Chinese Calligraphy, the art of writing

Grades K-12, Art, Social Studies, History, and Literacy, Lesson or Unit Plan
  • American Abstract Expressionists Robert Motherwell (above) was influenced by Chinese calligraphy.

  • American Abstract Expressionists Franz Kline (above) was influenced by Chinese calligraphy.

By Pearl Lau

Title: Chinese Calligraphy, the art of writing
Author: Pearl Lau
Subject Area: Art, Social Studies, History, and Literacy
Grade Level: K-12. This can be adjusted for any age group depending on the complexity of the characters, or if you want them to write just one character or create a poem using many characters.
Time Required: For one character, one class period of 50 minutes. For a poem, it could be two to four class periods.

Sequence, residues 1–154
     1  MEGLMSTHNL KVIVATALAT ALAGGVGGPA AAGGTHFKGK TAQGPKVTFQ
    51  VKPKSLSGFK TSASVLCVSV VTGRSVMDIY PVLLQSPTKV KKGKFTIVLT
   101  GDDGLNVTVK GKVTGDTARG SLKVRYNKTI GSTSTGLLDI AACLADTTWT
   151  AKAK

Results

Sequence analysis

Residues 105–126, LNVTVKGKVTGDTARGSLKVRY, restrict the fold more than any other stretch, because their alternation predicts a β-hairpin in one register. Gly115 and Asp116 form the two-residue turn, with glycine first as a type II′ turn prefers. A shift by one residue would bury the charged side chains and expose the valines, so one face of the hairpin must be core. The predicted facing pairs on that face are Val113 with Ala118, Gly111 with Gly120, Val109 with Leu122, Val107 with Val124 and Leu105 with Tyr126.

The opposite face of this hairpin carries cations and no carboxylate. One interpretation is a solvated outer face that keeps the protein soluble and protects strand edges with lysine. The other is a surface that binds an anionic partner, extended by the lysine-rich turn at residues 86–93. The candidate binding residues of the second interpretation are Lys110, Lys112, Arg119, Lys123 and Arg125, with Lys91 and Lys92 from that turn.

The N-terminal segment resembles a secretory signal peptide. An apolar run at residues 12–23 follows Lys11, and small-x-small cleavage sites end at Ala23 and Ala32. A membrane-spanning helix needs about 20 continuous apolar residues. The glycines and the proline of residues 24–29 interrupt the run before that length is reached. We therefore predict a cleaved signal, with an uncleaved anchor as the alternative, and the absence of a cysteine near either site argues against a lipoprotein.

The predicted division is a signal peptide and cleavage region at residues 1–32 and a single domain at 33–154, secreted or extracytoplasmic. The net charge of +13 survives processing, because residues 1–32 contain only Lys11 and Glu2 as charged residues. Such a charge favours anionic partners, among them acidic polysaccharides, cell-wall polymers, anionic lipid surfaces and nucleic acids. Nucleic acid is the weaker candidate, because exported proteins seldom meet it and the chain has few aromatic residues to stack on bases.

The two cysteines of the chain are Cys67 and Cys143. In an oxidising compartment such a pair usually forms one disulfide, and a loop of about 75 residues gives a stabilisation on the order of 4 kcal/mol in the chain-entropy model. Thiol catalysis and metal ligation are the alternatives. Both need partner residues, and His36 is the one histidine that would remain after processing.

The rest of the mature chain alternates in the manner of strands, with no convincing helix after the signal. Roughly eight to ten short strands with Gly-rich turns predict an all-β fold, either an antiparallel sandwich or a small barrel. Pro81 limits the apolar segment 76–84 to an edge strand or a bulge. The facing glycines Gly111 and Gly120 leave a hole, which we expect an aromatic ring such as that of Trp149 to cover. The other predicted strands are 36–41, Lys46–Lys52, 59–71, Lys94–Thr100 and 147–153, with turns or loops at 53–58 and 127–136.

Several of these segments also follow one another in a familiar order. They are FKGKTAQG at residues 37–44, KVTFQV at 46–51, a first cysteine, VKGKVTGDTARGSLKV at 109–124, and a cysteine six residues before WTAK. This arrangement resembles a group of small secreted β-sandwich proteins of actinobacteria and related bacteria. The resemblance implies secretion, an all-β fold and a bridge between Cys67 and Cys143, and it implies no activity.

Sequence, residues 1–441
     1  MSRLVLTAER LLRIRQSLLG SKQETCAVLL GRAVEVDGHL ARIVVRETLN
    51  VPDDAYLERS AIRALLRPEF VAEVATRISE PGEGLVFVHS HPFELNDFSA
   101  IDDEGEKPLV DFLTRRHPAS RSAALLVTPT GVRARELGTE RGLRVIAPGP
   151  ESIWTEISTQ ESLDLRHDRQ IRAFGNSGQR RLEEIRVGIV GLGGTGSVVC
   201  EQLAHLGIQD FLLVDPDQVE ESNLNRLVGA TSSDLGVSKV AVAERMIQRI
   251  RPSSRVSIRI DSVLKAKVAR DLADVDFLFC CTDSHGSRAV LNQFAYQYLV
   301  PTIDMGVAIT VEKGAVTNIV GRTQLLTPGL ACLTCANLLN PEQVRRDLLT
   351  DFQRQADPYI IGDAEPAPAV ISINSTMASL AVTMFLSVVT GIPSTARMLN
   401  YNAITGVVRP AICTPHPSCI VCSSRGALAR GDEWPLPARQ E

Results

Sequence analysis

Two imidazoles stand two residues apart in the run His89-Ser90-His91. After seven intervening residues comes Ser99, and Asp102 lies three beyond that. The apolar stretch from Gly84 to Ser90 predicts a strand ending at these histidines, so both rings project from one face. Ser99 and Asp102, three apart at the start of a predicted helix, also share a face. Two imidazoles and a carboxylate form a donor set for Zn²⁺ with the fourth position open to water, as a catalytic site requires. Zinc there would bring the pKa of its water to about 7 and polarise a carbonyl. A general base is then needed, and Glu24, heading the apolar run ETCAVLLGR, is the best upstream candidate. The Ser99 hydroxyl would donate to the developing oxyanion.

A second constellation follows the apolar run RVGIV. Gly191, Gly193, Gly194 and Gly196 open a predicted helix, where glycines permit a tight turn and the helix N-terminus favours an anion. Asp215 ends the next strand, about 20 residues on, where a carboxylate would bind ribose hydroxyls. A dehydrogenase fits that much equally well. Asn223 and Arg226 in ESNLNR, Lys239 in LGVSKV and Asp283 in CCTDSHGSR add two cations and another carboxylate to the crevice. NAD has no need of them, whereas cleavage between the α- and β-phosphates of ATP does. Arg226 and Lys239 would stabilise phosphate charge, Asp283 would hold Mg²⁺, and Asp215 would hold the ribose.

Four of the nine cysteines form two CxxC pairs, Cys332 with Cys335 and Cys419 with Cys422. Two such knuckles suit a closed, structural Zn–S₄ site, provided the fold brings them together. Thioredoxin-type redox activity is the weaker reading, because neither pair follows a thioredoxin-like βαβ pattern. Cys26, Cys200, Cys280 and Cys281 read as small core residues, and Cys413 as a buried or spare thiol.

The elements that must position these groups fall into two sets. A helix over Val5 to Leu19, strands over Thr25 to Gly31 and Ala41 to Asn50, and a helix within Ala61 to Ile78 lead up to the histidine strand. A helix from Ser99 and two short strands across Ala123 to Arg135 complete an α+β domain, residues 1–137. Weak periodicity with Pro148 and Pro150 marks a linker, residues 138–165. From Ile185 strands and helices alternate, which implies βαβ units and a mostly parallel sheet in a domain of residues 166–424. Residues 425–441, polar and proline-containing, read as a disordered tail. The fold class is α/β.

Standards: (Common Core for NYS) 6.5a Geographic factors influenced the development of classical civilizations and their political structures. Students will locate the classical civilizations on a map and identify geographic factors that influenced the extent of their boundaries; locate their cities on a map and identify their political structures. Students will compare and contrast the similarities and differences of the Chinese (Qin, Han) and Greco-Roman classical civilizations by examining religion, job specialization, cities, government, language/record keeping system, technology, and social hierarchy. *After each key idea, the corresponding Social Studies Standard(s) and the Unifying Theme(s) appear. 1. Individual Development and Cultural Identity (ID) 2. Development, Movement, and Interaction of Cultures (MOV) 3. Time, Continuity, and Change (TCC) 4. Geography, Humans, and the Environment (GEO) 5. Development and Transformation of Social Structures (SOC) 6. Power, Authority, and Governance (GOV) 7. Civic Ideals and Practices (CIV) 8. Creation, Expansion, and Interaction of Economic Systems (ECO) 9. Science, Technology, and Innovation (TECH) 10. Global Connections and Exchange (EXCH) 13 Social Studies Practices Grades K-4 Grades 5-8 Grades 9-12 Gathering, Interpreting and Using Evidence Develop questions about the world in which we live that can be answered by gathering, interpreting and using evidence. Define and frame questions about events and the world in which we live, and use evidence to answer these questions. Develop and frame questions about events and the world in which we live, form hypotheses as potential answers to these questions, use evidence to answer these questions, and consider and analyze counter-hypotheses. Recognize, analyze and use different forms of evidence used to make meaning in Social Studies (including primary and secondary sources such as art and photographs, artifacts, oral histories, maps, and graphs). Identify, describe, and evaluate evidence about events from diverse sources (including written documents, works of art, photographs, charts and graphs, artifacts, oral histories, and other primary and secondary sources). Identify, describe, and evaluate evidence about events from diverse sources (including written documents, works of art, photographs, charts and graphs, artifacts, oral histories, and other primary and secondary sources).